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Mexico: Heads Will Roll

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A half century earlier, George Washington led an insurgency similar to those waged by Hidalgo and Morelos, but with a much different philosophy. Like Hidalgo, many of Washington's admirers expected him to take the role of king or emperor. He refused for the higher purpose of establishing a constitutional democracy, and when asked to serve a third term as president, he set the custom that a president serves only two terms (later ratified as the 22nd Amendment).

An enthusiast for Thomas Paine's deistic treatise, The Age of Reason, Washington had little interest in any one religion, although baptized at birth in the Church of England, the official church of Virginia before the revolution. He strongly supported the separation of church and state.

"Of all the animosities which have existed among mankind, those which are caused by difference of sentiments in religion appear to be the most inveterate and distressing, and ought most to be deprecated. I was in hopes that the enlightened and liberal policy, which has marked the present age, would at least have reconciled Christians of every denomination so far that we should never again see the religious disputes carried to such a pitch as to endanger the peace of society."(George Washington, letter to Edward Newenham, October 20, 1792; The Great Quotations, G. Seldes, ed.).

Like many European and American philosophers of the time, Washington, a deist, had learned how religious dogma could be exploited to serve nonsense (consider today's creationism) such as the divine right of kings, against which the United States had waged a bloody revolution. The revolutions in France and the United States, however, arose as much from disgust for the whimsical laws of religious faith as from a growing bourgeoisie, educated in empirical philosophy and science. They wanted the entrepreneurial and financial freedoms that were otherwise greatly limited under the British monarchy, whose very authority rested with its assumed privileged communion with God. Frenchmen invented the guillotine as an efficient way to behead the royalists, tyrannical gluttons of financial and political power.

Freedom and Democracy? Or Financial Interests?

Most of the leaders of the American Revolution lived as members of a liberal bourgeois class. For many years only the white male landowners enjoyed privileges such as the right to vote. After the revolution the "Founding Fathers" and their class of mostly nouveaux riches enjoyed the benefits of social, financial, and religious freedoms, including ownership of slaves. For as much as possible, the fifty white men who were signers of the Constitution, mostly deists, took their destiny into their own hands and relied less on God for whatever providence they might eke out by praying.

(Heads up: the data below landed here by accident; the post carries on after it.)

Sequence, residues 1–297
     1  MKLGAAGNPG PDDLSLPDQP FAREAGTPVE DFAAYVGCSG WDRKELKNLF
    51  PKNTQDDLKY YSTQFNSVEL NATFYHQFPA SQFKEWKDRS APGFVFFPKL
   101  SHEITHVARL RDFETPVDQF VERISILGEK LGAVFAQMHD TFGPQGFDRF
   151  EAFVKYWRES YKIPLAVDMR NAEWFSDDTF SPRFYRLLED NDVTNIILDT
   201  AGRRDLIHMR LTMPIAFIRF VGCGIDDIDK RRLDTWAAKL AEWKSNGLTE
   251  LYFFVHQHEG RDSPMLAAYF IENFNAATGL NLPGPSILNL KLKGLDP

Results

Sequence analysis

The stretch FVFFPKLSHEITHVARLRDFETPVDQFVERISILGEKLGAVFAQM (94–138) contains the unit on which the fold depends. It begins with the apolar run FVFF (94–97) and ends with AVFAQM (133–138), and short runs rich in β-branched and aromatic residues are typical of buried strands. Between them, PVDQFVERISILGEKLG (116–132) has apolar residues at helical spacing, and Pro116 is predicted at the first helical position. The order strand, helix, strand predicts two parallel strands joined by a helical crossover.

"In short, said Beard [an historian] the rich must, in their own interest, either control the government directly or control the laws by which government operates. Beard applied this general idea to the Constitution, by studying the economic backgrounds and political ideas of the fifty men"to draw up the Constitution. He found that a majority of them were lawyers by profession, that most of them were men of wealth, in land, slaves, manufacturing, or shipping, that half of them had money loaned out at interest" (A People's History of the U.S. by Howard Zinn). These fifty "Founding Fathers," were mostly men who took charge, made things happen, and if obstacles arose, they nevertheless found ways to create the country they wanted.

Washington and his American colleagues were disciples of the Enlightenment. In contrast, the people of Mexico, as Morelos explained, placed less faith in their own actions than in the power of God and the intercession of the Blessed Mother. The popular revolutions in Mexico lasted at least a century (from the 1820s to the 1940s) and, in many ways continue to this day. Current struggles take the form of sporadic guerilla warfare, in the guise of underground movements against the mechanized modern state: guerilla insurgency""Zapatista Army of National Liberation; religious resistance through anti-Catholic cults""Santa Muerte; and the power struggles among the so-called drug cartels.

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Mark Biskeborn is a novelist: Mojave Winds, A Sufi's Ghost, Mexican Trade. Short Stories: California & Beyond. Poetry & Essays. For more details: See Mark's stories on or wherever books are (more...)

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